Thursday, September 2, 2010

How to lose fat and gain muscle at the same time? Strength training plus a mild caloric deficit

Ballor et al. (1996) conducted a classic and interesting study on body composition changes induced by aerobic and strength training. This study gets cited a lot, but apparently for the wrong reasons. One of these reasons can be gleaned from this sentence in the abstract:

    “During the exercise training period, the aerobic training group … had a significant … reduction in body weight … as compared with the [strength] training group ...

That is, one of the key conclusions of this study was that aerobic training was more effective than strength training as far as weight loss is concerned. (The authors refer to the strength training group as the “weight training group”.)

Prior to starting the exercise programs, the 18 participants had lost a significant amount of weight through dieting, for a period of 11 weeks. The authors do not provide details on the diet, other than that it was based on “healthy” food choices. What this means exactly I am not sure, but my guess is that it was probably not particularly high or low in carbs/fat, included a reasonable amount of protein, and led to a caloric deficit.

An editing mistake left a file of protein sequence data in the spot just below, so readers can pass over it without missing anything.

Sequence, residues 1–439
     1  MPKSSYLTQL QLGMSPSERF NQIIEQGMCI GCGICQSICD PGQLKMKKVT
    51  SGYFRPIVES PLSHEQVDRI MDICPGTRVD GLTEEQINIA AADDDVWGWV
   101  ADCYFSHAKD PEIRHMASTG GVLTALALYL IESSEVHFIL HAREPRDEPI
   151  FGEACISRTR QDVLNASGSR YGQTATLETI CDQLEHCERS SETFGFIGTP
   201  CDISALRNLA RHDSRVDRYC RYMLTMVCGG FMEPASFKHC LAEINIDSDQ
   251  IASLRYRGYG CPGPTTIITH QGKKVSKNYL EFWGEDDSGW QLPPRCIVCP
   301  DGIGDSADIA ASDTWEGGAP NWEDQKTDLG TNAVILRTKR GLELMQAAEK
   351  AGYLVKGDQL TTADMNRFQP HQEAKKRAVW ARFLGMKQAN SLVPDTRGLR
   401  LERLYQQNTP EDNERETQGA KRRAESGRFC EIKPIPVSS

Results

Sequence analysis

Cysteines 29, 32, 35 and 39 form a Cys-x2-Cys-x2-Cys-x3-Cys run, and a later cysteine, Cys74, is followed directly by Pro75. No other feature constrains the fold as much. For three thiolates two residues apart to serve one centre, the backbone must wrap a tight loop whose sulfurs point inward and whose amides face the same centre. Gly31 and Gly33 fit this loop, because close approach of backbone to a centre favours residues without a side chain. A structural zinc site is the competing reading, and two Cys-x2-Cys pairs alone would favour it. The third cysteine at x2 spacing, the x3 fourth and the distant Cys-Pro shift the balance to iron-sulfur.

The participants were older adults (mean age of 61; range, 56 to 70), who were also obese (mean body fat of 45 percent), but otherwise healthy. They managed to lose an average of 9 kg (about 20 lbs) during that 11-week period.

Following the weight loss period, the participants were randomly assigned to either a 12-week aerobic training (four men, five women) or weight training (four men, five women) exercise program. They exercised 3 days per week. These were whole-body workouts, with emphasis on compound (i.e., multiple-muscle) exercises. The figure below shows what actually happened with the participants.

As you can see, the strength training group (WT) gained about 1.5 kg of lean mass, lost 1.2 kg of fat, and thus gained some weight. The aerobic training group (AT) lost about 0.6 kg of lean mass and 1.8 kg of fat, and thus lost some weight.